About This Project
Urgent action is needed to protect coral reefs in the face of a changing climate. In Hawaiʻi, outflow from an electric plant warms a coral reef by 5 °C above normal. Surprisingly, corals are thriving here. If these corals have adapted to a warmer environment, they could enhance the long-term effectiveness of reef restoration efforts. In this project, we will conduct transplant experiments to test whether these corals retain their heat tolerance even after transplantation to cooler reefs.
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What is the context of this research?
As climate change pushes corals to the brink of their thermal tolerance, scientists and managers are turning to coral outplanting; however, this approach does not necessarily offer a solution because the corals placed on reefs may not be any more tolerant to rising temperatures than the dead counterparts that they are replacing. In western Oahu, corals live near outflow pipes of the Kahe Point electric plant, where water temperatures are elevated up to 5 °C above ambient. These corals offer a potentially powerful tool in “climate-proofing” Hawaiian reefs via restoration methods, but the efficacy of transplanting these corals has yet to be tested. Transplanting climate-proof corals is expected to have a direct restoring effect on the local reefs into which they are transplanted.
What is the significance of this project?
The reciprocal transplant experiment will reveal whether corals living at Kahe Point have developed heat tolerance that may enable them to persist as water temperatures continue to rise throughout this century, in addition to testing the ability of other corals to rapidly acclimate to higher temperatures. Thus, this project will identify if corals from Kahe Point are “climate-proof” and a good candidate for restoration efforts. Additionally, testing rates of acclimation will demonstrate the urgency with which management actions are required to combat the effects of climate change on Hawaiian reefs. The results of this study will therefore be directly applicable to organizations and agencies currently planning or practicing reef restoration efforts.
What are the goals of the project?
We will test whether corals living near or within the heated outflow of the Kahe Point pipes have developed heat tolerance that makes them resistant to bleaching. In other words, if these corals are transplanted to cooler environments, do they perform poorly or do they maintain their current fitness while retaining their heat tolerance? We will evaluate this using standardized photographs to document pigment changes that can reflect stress responses such as "bleaching", and by measuring coral growth rates via weight measurements at the beginning and end of the experiment. Answering this question is essential to understanding if these corals can be transplanted to improve the resilience of Hawaiian reefs to future bleaching events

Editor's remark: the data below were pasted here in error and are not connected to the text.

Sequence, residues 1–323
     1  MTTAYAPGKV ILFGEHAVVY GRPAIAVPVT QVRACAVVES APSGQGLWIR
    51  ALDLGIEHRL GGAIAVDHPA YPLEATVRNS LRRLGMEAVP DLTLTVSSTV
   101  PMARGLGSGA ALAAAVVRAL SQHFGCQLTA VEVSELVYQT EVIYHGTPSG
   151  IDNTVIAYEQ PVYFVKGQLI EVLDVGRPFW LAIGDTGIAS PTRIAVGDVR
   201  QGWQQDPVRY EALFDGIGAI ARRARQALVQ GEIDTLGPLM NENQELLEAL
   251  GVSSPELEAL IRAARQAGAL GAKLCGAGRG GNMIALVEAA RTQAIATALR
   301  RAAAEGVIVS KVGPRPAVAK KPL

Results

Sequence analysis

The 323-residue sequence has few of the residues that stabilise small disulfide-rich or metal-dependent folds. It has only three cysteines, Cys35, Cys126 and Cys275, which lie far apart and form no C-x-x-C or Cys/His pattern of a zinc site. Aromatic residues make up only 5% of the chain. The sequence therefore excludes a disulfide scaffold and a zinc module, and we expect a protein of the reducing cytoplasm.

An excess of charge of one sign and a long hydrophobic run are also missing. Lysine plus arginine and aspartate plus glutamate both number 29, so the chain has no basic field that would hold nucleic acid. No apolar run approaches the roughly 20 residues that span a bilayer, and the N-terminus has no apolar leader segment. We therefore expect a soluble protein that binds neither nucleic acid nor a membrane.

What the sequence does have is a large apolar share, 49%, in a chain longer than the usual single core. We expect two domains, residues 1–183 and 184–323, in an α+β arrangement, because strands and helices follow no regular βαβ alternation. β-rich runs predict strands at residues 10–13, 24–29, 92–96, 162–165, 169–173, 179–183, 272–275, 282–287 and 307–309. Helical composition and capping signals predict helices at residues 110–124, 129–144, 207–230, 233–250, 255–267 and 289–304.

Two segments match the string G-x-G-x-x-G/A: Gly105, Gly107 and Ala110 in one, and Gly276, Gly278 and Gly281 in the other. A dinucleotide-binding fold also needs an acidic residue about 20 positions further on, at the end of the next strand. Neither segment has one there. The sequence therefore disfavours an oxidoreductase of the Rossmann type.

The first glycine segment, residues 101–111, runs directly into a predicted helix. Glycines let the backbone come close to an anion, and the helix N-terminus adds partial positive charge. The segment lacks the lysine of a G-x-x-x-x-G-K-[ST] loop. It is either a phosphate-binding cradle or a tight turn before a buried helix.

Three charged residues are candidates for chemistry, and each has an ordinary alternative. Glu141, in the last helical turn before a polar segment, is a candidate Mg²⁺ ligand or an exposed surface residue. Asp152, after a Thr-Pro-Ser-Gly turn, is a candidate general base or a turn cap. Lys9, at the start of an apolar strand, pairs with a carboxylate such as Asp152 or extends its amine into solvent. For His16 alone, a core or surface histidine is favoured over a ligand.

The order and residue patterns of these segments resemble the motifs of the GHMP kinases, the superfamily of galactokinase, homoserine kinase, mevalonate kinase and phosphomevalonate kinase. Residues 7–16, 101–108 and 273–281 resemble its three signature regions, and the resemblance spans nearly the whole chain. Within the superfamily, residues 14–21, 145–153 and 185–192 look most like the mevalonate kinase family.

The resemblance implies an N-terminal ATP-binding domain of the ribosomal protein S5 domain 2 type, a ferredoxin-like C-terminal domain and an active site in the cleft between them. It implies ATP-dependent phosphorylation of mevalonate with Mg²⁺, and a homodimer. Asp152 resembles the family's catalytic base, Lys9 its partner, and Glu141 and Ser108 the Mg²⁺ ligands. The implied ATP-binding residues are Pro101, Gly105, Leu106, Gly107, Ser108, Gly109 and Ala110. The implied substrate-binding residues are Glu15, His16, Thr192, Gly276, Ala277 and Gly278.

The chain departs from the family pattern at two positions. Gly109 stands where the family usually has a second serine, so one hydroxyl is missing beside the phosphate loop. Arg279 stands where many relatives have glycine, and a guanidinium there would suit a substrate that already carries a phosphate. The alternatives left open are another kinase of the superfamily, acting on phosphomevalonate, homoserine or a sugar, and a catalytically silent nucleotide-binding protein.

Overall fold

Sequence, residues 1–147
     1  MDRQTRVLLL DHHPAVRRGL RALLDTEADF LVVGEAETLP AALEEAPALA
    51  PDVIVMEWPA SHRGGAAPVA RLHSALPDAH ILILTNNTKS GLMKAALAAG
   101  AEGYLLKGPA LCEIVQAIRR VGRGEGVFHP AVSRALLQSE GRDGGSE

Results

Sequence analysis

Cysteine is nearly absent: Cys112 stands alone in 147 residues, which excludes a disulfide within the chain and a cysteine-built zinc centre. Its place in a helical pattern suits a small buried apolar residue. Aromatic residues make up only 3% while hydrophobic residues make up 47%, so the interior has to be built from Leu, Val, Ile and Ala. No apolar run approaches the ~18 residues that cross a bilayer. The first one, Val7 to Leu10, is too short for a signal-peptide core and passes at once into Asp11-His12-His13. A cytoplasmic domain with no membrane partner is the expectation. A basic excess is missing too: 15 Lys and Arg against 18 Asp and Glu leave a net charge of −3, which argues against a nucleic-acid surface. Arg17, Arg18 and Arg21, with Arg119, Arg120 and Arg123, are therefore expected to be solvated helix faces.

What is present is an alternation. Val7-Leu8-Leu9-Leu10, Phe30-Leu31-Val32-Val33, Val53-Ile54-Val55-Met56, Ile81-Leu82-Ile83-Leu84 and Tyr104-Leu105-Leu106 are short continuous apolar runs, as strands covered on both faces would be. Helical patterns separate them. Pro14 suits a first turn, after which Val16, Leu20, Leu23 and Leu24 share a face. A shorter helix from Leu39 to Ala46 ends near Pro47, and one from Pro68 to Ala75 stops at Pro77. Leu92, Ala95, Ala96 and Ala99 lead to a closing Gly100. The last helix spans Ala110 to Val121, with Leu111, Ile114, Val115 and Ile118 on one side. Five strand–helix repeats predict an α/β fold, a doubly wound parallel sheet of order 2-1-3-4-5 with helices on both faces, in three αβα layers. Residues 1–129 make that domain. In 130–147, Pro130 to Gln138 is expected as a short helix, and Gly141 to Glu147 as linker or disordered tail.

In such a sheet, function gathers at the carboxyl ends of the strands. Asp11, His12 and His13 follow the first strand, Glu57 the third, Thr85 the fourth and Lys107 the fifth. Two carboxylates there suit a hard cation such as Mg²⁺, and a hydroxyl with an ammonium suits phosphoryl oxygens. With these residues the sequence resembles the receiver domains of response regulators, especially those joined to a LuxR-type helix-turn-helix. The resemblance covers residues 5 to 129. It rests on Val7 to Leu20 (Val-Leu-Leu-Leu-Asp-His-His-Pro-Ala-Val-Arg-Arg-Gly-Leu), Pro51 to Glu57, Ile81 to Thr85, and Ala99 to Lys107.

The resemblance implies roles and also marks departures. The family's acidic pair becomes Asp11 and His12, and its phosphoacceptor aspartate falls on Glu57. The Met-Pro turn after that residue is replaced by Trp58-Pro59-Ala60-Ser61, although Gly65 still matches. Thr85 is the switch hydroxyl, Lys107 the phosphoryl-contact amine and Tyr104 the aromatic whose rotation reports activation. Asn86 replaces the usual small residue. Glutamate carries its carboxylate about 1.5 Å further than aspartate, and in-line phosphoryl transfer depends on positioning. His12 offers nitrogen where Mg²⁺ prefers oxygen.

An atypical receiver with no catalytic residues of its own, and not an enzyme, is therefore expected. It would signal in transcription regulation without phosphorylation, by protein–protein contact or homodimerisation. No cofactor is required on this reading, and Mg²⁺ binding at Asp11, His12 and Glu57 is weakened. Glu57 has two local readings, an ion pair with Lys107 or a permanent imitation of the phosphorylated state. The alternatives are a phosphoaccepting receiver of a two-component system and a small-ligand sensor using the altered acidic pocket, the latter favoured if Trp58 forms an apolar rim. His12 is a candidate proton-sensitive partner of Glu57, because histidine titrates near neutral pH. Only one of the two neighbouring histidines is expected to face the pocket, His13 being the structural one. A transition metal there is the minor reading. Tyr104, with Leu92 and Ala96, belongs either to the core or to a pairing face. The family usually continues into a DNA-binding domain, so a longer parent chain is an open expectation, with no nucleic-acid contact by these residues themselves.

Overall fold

We require funds to perform our experimental coral transplantations in the field. Temperature loggers are needed to monitor the thermal environment at locations adjacent to, and away from, the heated outflow water. We will use underwater epoxy to attach coral branch tips to plastic egg crates and then attach the eggs crates to weighted foundations. During the experiment, we will use an underwater camera to track coral pigment changes, which will show whether corals exhibit stress responses such as "bleaching". Additionally, we will use a precision scale to quantify coral growth during the experiment (with initial and final buoyant weights). Finally, we need SCUBA air fills to support the fieldwork to conduct this experiment.
We intend to launch the transplant experiment in spring of 2022, observe the transplanted corals through the warm summer months, and complete the experiment by the end of 2022.
Oct 18, 2021
Mar 31, 2022
Map out thermal environments to identify optimal locations for transplantation
May 31, 2022
Establish experiment transplant sites with coral branch tips attached to weighted foundations. This will include transplanting corals both to and from the heated outflow area.
Sep 30, 2022
Complete experimental observation period, conduct final photographs and weight measurements
Dec 31, 2022
Analyze data and produce key findings
Meet the Team
This project will be conducted as a group effort by the Sclerochronology Lab. We work on various aspects of coral reef ecology and coral calcification. Our diverse team brings a range of past experiences and expertise, and together we have all the tools to complete the field and analytical aspects of this project.
I have been studying corals for the past 10 years. Although I initially gained interest in coral reefs as beautiful habitats full of life and colors that were exciting to photograph underwater, the impacts of climate change have fueled by interest in providing scientific information to help manage these amazing ecosystems. I saw once vibrant and species-rich reefs turn ghostly white during mass coral "bleaching" events, and then become covered in algal slime after all the corals died. While I have been fortunate to dive on reefs all around the world, I have also witnessed the terrible effects that climate change is having on reefs. I know that urgent action is needed on scales from local to global in order to address the coral reef crisis. My goal is to help guide these efforts to be as effective and efficient as possible.
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